June book of the month: Book Thief by Markus Zusak
Set during World War II in Germany, this groundbreaking new novel is the story of Liesel Meminger, a foster girl living outside of Munich. Liesel scratches out a meager existence for herself by stealing when she encounters something she can’t resist–books. In case you are familiar with book hangovers, this is read will leave you hanging in that state for a while. Here is a quote we loved from this book “Did they deserve any better, these people? How many had actively persecuted others, high on the scent of Hitler’s gaze, repeating his sentences, his paragraphs, his opus? Was Rosa Hubermann responsible? The hider of a Jew? Or Hans? Did they all deserve to die? The children?”
May book of the Month: We Need New Names by NoViolet Bulawayo
They way NoViolet frames words in this read, well you are bound to imagine that the characters are conversing against a backdrop of humour that takes (literary) ignorance to ignore. We will let you read it for yourself .
April Book of the Month: The Goldfinch by Donna Tartt’s
The book is an impressive account of loss, love, and the trans-formative power of art. The protagonist is 13-year-old Theo Decker is abandoned by the man he called his father as we are led through the life of Theo and his mother. His father, a man of great excesses, with a simmering and explosive rage leaves them near destitute; times are hard but somehow, they manage to get by. One would expect that this shift would cause them much grief, but, in some paradoxical emotional twist, this gives them a new lease on life. They are, If only for a little while, unabashedly happy.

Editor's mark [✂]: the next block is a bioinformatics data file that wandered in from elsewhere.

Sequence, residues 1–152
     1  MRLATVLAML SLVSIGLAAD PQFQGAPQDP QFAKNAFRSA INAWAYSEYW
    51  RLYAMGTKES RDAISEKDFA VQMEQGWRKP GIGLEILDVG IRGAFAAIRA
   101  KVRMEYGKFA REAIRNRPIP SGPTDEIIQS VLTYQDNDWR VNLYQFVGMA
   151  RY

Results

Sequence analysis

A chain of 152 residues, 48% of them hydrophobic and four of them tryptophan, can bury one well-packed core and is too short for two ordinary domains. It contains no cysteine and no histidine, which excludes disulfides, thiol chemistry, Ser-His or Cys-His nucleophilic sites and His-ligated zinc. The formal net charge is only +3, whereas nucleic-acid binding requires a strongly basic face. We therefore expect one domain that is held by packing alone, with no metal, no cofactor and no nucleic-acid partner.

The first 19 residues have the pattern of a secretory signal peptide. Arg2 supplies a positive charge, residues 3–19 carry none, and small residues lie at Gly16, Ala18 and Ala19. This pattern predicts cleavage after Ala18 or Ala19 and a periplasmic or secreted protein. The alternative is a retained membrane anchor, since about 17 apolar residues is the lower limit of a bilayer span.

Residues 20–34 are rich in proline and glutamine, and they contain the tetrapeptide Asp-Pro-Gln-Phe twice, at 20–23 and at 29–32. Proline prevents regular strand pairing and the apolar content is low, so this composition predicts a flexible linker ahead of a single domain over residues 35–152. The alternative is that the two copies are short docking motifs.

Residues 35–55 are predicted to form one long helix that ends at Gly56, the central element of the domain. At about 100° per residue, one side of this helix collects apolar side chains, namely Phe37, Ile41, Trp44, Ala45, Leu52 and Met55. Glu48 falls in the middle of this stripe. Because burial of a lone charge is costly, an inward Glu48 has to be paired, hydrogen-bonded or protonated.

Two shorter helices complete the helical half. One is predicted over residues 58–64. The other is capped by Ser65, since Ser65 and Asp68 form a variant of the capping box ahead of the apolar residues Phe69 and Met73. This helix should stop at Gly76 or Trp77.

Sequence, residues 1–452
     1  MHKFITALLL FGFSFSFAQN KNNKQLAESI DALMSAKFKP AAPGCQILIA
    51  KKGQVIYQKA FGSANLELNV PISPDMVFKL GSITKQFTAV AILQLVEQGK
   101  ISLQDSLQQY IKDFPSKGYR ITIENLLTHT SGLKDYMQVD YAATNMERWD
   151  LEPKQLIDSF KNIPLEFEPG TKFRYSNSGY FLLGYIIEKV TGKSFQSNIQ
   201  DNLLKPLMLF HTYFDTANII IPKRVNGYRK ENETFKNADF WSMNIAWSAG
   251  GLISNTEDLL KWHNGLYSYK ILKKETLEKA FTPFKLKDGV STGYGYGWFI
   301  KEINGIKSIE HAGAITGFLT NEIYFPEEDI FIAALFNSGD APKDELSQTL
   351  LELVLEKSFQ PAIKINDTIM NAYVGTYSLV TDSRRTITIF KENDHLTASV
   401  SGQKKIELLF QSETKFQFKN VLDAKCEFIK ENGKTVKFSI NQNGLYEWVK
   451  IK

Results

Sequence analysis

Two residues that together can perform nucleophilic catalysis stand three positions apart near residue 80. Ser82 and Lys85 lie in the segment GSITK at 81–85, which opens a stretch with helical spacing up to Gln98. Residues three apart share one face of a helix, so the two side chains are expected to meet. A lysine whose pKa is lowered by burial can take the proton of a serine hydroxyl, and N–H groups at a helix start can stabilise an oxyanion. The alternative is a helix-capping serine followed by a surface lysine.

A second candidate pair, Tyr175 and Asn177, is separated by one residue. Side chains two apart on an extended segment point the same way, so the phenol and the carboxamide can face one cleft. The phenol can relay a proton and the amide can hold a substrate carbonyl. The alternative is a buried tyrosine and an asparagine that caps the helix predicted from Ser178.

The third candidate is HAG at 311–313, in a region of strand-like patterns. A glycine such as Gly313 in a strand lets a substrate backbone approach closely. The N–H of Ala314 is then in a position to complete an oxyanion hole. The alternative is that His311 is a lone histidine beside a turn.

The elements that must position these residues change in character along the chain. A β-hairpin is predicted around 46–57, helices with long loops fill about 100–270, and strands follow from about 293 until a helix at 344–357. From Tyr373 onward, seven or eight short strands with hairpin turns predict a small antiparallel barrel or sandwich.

March book of the month: Primary Greatness by Stephen R. Covey
Stephen R. Covey believed there were only two ways to live life: a life of primary greatness or a life of secondary greatness. Covey believes that the intrinsic rewards of primary greatness – integrity, responsibility and contribution – far outweigh the extrinsic rewards of secondary greatness – money, popularity and the self-absorbed, pleasure-ridden life that some people consider ‘success’.
February book of the month: Edge of Eternity by Ken Follett
‘Edge of Eternity’. This book is the final installment in a series of three books which together make up the Century Trilogy.In the Century Trilogy, the author documents the lives of five wealthy families and the spaces they consequently inhabit during the dawn of the twentieth century. The first book, Fall of Giants, focuses on the First World War and the Russian Revolution. The second book, Winter of the World, features the Spanish Civil War, the Second World War, and the development of nuclear weapons. Then comes ‘Edge of Trinity’ which spans through the social, political and economic pressures of 1960-1970 in Europe.In this read, we grow with these individuals as they experience life in their own extremities.
January book of the month : Power of Now by Eckhart Tolle
In this read, you will learn that
The Present Moment Is The Most Precious Thing There Is.
Any Action Is Often Better Than No Action
Whatever You Fight, You Strengthen, And What You Resist, Persists and more.